Regulators

Draft broadcast code pushes for self-regulation

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NEW DELHI: A draft of the broadcasting code being proposed by the government, in consultation with the industry, attempts to give a big push to self-regulation and certification by broadcasters.

What's the basic rationale in the draft for content regulation? It is for an industry-wide "self-regulation mechanism, which is dynamic and progressive" and is based on standards, principles, norms and processes evolved and implemented by the content regulator through "active compliance" of the member licensee /advertisers.

However, the draft codes now being examined by various constituents of the industry also makes it clear that all types of programming, including films, cannot be shown during any part of the day as there is a need to protect children from unrestricted viewing. Especially if the access cannot be controlled like in a DTH service.

"The licensee's responsibility for sensitive scheduling of programmes may reduce a risk of offence to the minimum," the draft code says.

Further, it adds that at certain times, parents will want to be

confident that their children can watch television "unsupervised without the risk of being exposed to unsuitable material." At other times, they can accept more challenging material and can reasonably be "expected to take greater control over their children's viewing,"

The draft, which has been prepared by the Federation of Indian Chambers of Commerce and Industry (Ficci) on the request of a 30-member government-sponsored panel set up to structure content-related regulation, categorically states: "The TV programmes should take care of the broadcast

between 4 pm and 7 pm adhering to the all the programming guidelines."

However, some exceptions have been proposed in time bands. For example, programmes that belong to a mature/adult genre, could be allowed to be aired on television from 7 pm to 4 pm (presuming children viewership is not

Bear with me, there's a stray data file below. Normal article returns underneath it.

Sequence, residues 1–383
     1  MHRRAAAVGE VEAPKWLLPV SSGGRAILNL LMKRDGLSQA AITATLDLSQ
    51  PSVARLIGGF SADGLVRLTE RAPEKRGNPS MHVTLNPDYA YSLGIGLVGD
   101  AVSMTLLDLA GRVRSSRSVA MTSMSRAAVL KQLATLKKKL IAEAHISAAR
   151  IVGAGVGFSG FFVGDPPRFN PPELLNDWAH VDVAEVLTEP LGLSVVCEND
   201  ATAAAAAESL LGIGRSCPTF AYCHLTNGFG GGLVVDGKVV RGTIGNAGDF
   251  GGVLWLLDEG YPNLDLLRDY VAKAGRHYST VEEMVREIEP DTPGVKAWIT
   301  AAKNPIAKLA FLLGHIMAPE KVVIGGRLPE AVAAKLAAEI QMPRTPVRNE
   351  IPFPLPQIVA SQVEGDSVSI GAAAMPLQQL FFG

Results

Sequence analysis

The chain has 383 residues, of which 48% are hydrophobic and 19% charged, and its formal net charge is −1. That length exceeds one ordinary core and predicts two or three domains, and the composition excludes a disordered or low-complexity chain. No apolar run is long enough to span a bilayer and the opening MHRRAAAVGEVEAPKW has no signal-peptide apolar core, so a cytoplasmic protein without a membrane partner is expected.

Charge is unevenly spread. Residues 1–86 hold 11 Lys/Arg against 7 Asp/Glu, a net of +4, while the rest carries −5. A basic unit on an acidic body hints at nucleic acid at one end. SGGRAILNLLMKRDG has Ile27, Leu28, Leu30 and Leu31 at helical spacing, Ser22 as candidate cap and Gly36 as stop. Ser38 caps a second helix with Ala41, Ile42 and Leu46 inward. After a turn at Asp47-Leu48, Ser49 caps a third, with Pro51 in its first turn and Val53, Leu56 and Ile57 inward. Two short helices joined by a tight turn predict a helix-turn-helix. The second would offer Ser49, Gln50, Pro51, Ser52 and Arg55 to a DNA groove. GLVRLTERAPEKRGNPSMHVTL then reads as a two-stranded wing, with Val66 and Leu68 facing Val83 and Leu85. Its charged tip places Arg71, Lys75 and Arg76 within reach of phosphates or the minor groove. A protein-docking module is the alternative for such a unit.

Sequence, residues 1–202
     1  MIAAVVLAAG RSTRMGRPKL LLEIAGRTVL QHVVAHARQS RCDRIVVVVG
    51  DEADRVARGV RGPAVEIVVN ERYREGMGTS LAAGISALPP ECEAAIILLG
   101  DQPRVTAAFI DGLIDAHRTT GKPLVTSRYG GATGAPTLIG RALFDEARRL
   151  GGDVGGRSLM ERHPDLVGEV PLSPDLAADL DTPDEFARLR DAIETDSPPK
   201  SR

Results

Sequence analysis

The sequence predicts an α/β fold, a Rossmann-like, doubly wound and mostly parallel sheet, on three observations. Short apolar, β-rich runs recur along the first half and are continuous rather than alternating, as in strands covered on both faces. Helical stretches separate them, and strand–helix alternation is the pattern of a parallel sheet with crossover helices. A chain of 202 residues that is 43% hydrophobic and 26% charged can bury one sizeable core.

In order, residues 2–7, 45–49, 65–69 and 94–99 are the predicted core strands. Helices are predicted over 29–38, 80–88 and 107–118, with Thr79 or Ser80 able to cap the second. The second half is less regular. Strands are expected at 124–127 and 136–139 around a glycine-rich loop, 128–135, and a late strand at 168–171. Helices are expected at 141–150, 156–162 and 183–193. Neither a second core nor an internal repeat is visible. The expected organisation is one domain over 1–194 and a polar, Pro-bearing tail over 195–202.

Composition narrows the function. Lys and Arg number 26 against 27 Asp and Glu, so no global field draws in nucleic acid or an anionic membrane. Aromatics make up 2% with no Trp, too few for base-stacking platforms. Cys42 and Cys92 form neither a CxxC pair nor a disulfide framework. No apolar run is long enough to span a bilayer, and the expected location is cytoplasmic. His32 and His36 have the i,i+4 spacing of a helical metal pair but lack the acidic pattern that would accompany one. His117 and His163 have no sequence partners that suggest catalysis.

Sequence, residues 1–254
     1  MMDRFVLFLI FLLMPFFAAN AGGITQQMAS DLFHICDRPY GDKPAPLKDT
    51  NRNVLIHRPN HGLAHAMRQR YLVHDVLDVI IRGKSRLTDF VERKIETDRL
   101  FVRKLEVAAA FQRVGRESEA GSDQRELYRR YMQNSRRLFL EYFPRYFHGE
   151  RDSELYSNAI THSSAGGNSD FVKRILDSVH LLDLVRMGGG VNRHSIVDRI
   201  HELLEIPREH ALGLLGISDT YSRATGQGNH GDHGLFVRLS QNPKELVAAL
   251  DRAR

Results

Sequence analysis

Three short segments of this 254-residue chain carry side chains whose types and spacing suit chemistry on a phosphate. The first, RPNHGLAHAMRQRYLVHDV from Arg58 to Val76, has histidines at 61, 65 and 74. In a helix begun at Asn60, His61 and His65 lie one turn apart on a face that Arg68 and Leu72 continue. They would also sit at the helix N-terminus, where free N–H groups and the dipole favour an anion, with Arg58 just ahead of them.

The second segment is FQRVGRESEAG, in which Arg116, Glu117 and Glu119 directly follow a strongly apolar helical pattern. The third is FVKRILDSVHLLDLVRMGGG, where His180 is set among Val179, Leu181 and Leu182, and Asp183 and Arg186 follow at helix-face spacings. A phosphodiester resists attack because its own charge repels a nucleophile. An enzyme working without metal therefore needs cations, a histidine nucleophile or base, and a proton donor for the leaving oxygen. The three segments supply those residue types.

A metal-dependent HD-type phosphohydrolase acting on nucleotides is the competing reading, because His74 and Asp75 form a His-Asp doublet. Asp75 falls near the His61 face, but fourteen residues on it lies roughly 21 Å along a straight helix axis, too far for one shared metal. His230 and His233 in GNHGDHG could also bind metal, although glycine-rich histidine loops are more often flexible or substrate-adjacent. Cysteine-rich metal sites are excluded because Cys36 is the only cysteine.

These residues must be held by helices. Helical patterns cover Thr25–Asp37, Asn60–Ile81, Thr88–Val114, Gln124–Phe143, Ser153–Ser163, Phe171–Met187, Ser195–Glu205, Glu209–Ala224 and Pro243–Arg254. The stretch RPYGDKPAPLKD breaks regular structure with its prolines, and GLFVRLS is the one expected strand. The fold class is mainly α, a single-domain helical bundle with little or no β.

high during this time) with disclaimer after editing scenes containing sex and nudity.

Programmes that belong to the adult genre, the draft code proposes, could be allowed to be aired on television from 10 pm to 6 am, with a disclaimer.

"Such (adult) programmes would be edited to fit the genre of adult movies for India (like snipping explicit sex scenes and nudity, full frontal and back nudity, scenes showing genitalia of animal or human or overt sexual situations)," the draft code suggests.

Interestingly, it says that where the TV viewing is subject to access control (like DTH) or are available only on demand, programming suited for adults could be "allowed through the day."

In what might affect sting operations by TV channels, the draft proposes consent of the party recorded before airing anything.

"If it becomes clear that a call that has been recorded will be

broadcast ---but this was not explained to the other party at the time of the call --- then the licensee must obtain consent before broadcast from the other party, unless it is warranted not to do so," the draft says a bit ambiguously.

It has been suggested that ads relating to some products or services like betting tips, betting and gaming, all tobacco products, private investigation and escort agencies, occult and magical remedies/medicines are "unacceptable."

Pointing out that the time available to prepare the draft was short, Ficci has clarified that it has been built upon the Ofcom regulations (of the UK) in context of the Indian laws and prevalent ground realities, while borrowing some improvements from TELA regulations and Indian precedents in other sectors.

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